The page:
The revolution Steve Jobs resisted: Apple's App Store marks 10 years of third-party innova...

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in iOS edited July 10
The first iPhone saw release in 2007 with a fairly barebones selection of apps, none of which were made by outside developers. That changed when Apple opened the gates to developers a year later with iPhone OS 2.0, invigorating a sector and forever changing what it meant to be an "Apple developer."

App Store homepage


The App Store officially launched on July 10, 2008, after it was announced the previous fall; the first software development kit was released in February of 2008.

As Apple demonstrated in an "oral history" it released a few days before the anniversary, the App Store has not only grown exponentially in its ten years of existence, but it's also been at the forefront of all sorts of innovations in technology, culture and entertainment over the course of the decade.

The App Store has helped facilitate major growth in the content streaming revolution, as well as geolocation, e-commerce and even online dating, while also forever changing what it means to be a software developer.

All that, and Apple co-founder Steve Jobs was reportedly resistant to the idea at first.

The App Store-free iPhone

When the first-generation iPhone arrived in 2007, it came with apps, but all of them were made by Apple. It had Mail, Safari, iTunes, Photos, Messages, Visual Voicemail, weather, camera, the calendar, the clock, and a few others that were Apple's own, without any non-Apple apps, or user choice for alternative versions.

According to Walter Isaacson's biography of Jobs, the tech guru was opposed to allowing third-party to run natively on iPhone -- and when pressured to do so by developers and others, he had a simple answer: Develop your own web apps that will work on the new platform.

"The full Safari engine is inside of iPhone," Jobs said at WWDC in 2007. "And so, you can write amazing Web 2.0 and Ajax apps that look exactly and behave exactly like apps on the iPhone. And these apps can integrate perfectly with iPhone services. They can make a call, they can send an email, they can look up a location on Google Maps. And guess what? There's no SDK that you need!"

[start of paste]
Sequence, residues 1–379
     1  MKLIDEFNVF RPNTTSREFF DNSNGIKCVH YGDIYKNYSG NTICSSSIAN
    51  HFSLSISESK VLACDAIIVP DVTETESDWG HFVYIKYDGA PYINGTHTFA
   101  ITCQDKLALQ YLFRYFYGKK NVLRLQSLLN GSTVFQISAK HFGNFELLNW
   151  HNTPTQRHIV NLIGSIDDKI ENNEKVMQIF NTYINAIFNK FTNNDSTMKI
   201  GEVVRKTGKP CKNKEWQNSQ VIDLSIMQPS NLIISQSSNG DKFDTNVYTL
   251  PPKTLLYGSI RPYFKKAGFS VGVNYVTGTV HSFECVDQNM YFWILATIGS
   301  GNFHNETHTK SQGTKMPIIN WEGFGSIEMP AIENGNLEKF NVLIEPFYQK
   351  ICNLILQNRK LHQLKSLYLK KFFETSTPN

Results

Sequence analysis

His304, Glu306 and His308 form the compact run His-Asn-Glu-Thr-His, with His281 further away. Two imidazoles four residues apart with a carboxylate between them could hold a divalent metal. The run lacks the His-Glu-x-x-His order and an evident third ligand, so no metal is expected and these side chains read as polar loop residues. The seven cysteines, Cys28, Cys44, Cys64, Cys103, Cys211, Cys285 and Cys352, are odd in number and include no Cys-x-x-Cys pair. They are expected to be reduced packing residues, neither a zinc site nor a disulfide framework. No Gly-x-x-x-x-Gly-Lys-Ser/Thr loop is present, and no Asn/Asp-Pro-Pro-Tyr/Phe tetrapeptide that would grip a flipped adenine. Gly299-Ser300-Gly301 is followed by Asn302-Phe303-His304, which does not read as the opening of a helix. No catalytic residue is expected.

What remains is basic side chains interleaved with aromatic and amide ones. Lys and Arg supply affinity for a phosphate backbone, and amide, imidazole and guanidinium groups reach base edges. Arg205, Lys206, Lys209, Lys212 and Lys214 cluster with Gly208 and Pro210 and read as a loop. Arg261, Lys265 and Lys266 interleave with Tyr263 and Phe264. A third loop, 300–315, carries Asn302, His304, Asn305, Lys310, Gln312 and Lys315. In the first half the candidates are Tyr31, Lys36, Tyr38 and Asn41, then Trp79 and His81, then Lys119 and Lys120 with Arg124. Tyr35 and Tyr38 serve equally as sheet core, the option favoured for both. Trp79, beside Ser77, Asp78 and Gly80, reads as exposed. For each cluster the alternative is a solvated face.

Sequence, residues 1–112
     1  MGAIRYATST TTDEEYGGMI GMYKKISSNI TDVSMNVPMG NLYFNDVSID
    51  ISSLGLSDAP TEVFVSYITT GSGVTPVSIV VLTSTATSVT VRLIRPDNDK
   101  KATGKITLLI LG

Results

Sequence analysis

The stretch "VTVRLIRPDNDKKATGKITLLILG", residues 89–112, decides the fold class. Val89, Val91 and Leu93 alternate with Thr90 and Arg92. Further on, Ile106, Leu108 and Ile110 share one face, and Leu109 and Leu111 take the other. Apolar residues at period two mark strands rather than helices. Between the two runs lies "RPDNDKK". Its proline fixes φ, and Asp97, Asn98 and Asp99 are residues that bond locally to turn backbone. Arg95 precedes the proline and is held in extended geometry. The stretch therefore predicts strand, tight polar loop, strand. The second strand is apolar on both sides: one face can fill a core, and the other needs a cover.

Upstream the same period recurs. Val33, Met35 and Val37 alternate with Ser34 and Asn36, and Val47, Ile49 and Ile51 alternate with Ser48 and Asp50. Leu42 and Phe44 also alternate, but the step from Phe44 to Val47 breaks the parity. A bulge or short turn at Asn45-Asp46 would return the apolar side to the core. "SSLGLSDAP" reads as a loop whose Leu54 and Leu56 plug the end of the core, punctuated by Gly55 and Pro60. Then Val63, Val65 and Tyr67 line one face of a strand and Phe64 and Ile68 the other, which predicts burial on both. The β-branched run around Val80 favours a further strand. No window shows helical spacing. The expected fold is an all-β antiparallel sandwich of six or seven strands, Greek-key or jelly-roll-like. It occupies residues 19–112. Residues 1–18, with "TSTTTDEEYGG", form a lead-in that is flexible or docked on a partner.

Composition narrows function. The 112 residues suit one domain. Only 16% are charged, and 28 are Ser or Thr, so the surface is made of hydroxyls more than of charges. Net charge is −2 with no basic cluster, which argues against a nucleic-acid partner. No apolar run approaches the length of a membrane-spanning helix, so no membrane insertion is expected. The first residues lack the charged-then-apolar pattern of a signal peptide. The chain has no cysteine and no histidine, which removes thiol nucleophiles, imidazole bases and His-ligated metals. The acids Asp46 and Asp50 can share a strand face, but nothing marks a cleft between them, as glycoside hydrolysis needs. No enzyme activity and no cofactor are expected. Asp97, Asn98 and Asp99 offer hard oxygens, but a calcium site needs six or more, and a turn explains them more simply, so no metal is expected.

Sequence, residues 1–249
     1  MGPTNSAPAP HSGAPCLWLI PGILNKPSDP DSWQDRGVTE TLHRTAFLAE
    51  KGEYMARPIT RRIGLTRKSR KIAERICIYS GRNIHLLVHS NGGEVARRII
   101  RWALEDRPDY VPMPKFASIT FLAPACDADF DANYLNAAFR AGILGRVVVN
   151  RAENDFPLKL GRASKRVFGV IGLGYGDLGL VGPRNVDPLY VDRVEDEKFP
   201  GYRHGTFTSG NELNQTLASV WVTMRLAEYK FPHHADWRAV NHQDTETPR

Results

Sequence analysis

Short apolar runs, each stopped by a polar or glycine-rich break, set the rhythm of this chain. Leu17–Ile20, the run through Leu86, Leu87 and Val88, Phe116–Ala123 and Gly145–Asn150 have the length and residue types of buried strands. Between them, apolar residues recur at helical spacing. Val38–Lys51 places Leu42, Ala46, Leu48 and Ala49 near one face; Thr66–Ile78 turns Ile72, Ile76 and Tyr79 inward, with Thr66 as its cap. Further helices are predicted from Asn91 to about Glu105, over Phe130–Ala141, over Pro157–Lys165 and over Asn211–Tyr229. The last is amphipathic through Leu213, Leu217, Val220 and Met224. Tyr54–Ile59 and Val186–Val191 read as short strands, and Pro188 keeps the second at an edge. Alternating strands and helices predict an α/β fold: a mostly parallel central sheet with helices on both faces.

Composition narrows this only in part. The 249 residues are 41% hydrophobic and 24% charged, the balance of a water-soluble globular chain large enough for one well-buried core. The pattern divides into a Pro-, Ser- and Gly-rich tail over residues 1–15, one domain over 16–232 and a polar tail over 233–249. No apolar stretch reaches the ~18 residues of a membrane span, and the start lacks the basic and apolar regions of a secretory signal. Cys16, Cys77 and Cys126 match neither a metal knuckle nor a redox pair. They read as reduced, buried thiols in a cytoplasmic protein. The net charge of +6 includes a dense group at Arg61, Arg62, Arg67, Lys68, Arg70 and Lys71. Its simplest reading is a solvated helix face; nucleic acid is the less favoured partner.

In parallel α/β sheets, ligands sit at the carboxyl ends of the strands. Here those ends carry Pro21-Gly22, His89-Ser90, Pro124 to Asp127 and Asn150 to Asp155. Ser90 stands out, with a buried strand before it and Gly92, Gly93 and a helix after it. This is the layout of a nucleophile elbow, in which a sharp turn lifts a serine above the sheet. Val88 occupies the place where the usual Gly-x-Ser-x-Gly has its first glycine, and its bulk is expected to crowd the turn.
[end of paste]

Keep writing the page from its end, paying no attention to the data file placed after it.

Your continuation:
Developers in attendance didn't exactly rise to their feet with roaring applause. Instead, they gave the equivalent of a golf clap, a rare miss for a "Jobsnote."

Watch that video here:



However, after the backlash from developers continued, it soon became clear that keeping native apps out was not tenable for long.

Others in the know disagree with Isaacson's story and contend third-party apps were always on the iPhone roadmap; Jobs and company were simply not comfortable with releasing an SDK at launch.

In any case, web apps came first, with native software to follow. Apple announced the release of an SDK in October of 2007, with the software shipping out to developers the following February.

"Let me just say it: We want native third party applications on the iPhone, and we plan to have an SDK in developers' hands in February," Jobs wrote in a letter that October. "We are excited about creating a vibrant third party developer community around the iPhone and enabling hundreds of new applications for our users."

Jobs, in adding that the SDK would also allow the creation of apps for the iPod Touch, ended the letter by promising that "we think a few months of patience now will be rewarded by many years of great third party applications running on safe and reliable iPhones." Apple also announced that developers could set the price of their own apps -- including free -- with the devs keeping 70 percent of sales revenues.

The SDK was officially released on March 6, 2008. Less than a week later, Apple announced that the SDK had been downloaded more than 100,000 times in the first four days.